From land that was once part hobo camp and part dumping ground for the local slaughterhouse grew the Carleton College Farm. A local remembers it as, “a sort of way-station where the numerous knights-of-the-road overnighted.” In 1914 Carleton’s third president, Donald J. Cowling, birthed a vision for a dairy farm.
He imagined that the farm would provide dairy products to the dining halls, while also serving the public as an agricultural laboratory for experimenting with modern dairy practices. Allegedly, he also hoped to retire to the farm.
In order to integrate the farm into student life, between 1914- 1920 Carleton offered classes in the Agriculture Department such as “Animal Husbandry”, and “Plant Life on the Farm.” The professor, Frederick F. Showers, however was confronted with an apathetic response from the liberal arts-minded Carleton students.
The college also created a student employment scheme where students would live and work on the farm to pay for room and board.
However, according to ccording to Merrill E. Jarchow, editor of Carleton Remembered and author of Carleton, the first century,“the farm work demanded too much of the students’ time and was not conducive to studying.”
Despite the student drought, the Carleton Farm continued to function and produce milk for the dining hall. By 1932 Carleton’s Holstein herd was producing 275 gallons of milk each day.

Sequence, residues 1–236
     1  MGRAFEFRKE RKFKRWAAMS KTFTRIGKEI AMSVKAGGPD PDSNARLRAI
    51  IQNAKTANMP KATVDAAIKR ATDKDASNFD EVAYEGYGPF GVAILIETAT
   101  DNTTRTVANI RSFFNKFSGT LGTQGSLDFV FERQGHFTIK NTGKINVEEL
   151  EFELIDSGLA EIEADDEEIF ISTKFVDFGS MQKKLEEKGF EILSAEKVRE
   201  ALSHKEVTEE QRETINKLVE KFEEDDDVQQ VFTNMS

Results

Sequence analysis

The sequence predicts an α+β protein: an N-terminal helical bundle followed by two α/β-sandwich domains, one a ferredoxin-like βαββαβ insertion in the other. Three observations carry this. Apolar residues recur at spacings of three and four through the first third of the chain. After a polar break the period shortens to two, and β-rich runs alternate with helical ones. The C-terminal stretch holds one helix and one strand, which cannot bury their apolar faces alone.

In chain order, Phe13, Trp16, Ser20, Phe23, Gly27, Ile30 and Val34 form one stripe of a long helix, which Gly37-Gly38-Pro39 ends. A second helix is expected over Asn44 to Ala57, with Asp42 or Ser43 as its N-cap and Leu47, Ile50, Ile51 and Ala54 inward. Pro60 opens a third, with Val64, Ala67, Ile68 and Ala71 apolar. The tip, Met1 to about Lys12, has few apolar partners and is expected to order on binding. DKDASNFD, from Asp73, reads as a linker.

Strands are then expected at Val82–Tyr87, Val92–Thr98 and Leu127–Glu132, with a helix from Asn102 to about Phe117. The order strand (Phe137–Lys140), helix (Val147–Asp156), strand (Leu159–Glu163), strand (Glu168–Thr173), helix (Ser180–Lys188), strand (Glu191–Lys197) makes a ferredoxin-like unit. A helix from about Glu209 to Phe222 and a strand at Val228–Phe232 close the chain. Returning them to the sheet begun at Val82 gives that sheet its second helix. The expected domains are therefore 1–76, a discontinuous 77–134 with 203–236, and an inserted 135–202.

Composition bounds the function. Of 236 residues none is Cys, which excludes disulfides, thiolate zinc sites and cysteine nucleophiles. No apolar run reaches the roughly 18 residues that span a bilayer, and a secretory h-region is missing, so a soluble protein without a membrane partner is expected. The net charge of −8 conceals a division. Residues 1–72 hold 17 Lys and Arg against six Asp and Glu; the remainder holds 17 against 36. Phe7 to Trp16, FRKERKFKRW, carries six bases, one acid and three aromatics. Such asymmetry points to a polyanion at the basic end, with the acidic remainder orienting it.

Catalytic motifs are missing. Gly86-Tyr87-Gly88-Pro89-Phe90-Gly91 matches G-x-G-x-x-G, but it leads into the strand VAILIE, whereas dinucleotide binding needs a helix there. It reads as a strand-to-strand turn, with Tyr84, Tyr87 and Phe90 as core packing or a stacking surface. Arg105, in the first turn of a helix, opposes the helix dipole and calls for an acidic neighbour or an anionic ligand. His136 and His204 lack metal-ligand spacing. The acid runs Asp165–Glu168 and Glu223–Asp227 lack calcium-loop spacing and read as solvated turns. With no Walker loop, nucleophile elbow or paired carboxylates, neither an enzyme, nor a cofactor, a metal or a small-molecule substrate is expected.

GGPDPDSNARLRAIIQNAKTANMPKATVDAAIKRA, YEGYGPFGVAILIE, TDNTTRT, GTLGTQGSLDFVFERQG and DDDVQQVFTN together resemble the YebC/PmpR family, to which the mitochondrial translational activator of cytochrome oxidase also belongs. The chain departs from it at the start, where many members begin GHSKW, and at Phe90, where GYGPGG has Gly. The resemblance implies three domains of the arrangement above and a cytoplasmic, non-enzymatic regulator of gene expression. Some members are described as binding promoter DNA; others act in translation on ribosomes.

However, the Carleton’s farm was not without tragedy. In 1926 a barn fire took the lives of a beloved bull, Colonel Ornsby. As the cow burned alive students assembled outside of the barn chanted, “Oh, boy, roast beef all this week!”
In 1930, an epidemic of polio took the lives of two students. The deaths were traced to bacteria-infected milk, provided by the Carleton farm.
Pasteurization was not a common practice in the 1930’s, but after the polio outbreak, the Carleton Dairy Farm began to practice pasteurization.
At its most productive, the farm delivered 300 gallons to the dining hall every day. In 1961, the Carleton herd of Holsteins was officially “classified”, a high honor in the cattle industry.
Despite its successes, in 1964 the Carleton Farm was shut down. The Board of Trustees viewed the the farm as a “dispensable luxury,” with large operational costs, and even greater maintenance expenses, and decided to dismantle most of the farm’s land at a local auction.
Although approximately 400 acres remained under Carleton management and were used to grow soybeans, corn, oats, and hay, all 110 Holsteins were sold, along with various milking mechanisms, and other farm equipment.
After seven years of latency, in 1971 the Carleton Farm House remerged, this time under the guise of the Natural History interest house. 20-odd years of various use for the farm went by before, in 1992, the Carleton Farm Project was initiated.
Bryan Foster ’93 and Tyler Glenn ’93, a transfer student from Deep Springs College created the Farm Club. Their plan was to start a two-acre garden in the spring or fall term of 1993, and, in 1994 add 50 acres of farmland.
In 2008, after Katie Blanchard ’10 began working as the first full-time Carleton Farm intern, Bon Appetit began purchasing produce from the farm.